As many of us know, kids tend to struggle more with reading and comprehending non-fiction texts as opposed to fiction text. Because of this, we drill and drill and drill non-fiction text-features in second grade. We are finally at that point in the year where it is time to start discussing various text features little by little. I was racking my brain this week with some innovative ways to introduce our first handful of text features. Here is what I came up with:
First, I used these fabulous posters to quickly intro our text features for this week (table of contents, photographs and captions).
Then we all pulled out our reading books and started looking for these features throughout our story.
Once we found some examples, I broke my kids intro groups of three. Using a post-it note, they had to write the text feature they were given, draw an example of it, and tell how that specific text feature helps us as readers. See our anchor chart below:
In the past I have found that my kids have been really good at identifying each text feature but have a hard time identifying its 'job' (as I call it). This year I'm really pushing for them to be able to understand how to use the text feature.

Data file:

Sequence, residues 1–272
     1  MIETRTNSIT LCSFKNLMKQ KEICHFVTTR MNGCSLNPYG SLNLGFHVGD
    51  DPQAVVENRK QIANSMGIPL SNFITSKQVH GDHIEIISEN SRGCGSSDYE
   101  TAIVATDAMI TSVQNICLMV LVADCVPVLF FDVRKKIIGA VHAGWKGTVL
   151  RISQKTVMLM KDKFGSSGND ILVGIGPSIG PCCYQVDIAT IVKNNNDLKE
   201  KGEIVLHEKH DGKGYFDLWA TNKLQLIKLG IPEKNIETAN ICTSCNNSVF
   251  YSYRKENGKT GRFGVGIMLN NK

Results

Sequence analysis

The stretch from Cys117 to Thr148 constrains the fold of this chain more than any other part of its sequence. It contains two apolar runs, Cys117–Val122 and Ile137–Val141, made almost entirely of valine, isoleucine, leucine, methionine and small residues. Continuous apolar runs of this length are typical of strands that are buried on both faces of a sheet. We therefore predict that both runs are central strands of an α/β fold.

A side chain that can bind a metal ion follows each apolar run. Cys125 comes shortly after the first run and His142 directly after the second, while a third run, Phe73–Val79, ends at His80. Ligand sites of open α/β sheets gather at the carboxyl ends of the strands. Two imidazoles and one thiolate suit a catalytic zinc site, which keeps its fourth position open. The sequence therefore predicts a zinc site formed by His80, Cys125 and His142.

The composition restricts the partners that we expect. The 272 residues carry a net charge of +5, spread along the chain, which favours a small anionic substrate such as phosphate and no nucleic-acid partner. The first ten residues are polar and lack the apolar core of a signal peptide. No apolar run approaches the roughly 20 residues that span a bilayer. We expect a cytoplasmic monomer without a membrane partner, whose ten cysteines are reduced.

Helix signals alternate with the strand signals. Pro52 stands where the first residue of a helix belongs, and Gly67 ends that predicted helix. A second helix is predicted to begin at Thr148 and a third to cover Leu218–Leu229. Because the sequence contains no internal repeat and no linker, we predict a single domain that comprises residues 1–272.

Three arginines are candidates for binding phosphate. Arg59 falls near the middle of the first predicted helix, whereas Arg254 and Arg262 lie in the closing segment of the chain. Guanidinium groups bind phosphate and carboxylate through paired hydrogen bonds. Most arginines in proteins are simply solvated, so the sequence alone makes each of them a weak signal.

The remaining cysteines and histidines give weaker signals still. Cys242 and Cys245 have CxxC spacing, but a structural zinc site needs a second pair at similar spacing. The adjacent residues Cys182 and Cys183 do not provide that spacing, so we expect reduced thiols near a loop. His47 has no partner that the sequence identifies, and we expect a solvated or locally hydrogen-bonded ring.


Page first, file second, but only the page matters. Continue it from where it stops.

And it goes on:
Finally, after we have completed the anchor chart together, they will get to fill the corresponding page to their Non-Fiction Features Notebook. This will be kept in their Daily 5 folder to be used as a reference all year.
(If this is yours please let me know so I can give you credit. I'm not sure where we found this either!)
Have you seen or heard of this?
This is The Comprehension Toolkit
They have a separate book for various comprehension strategies that is complied with various lessons on that topic. There are even a few lessons on non-fiction text features. Our kids really look forward to these lessons. I think most of it is due to the fact that they freqently get to use post-its but -hey- who doesn't get excited about post-its?!
We would love to hear how you teach non-fiction text features in your classroom!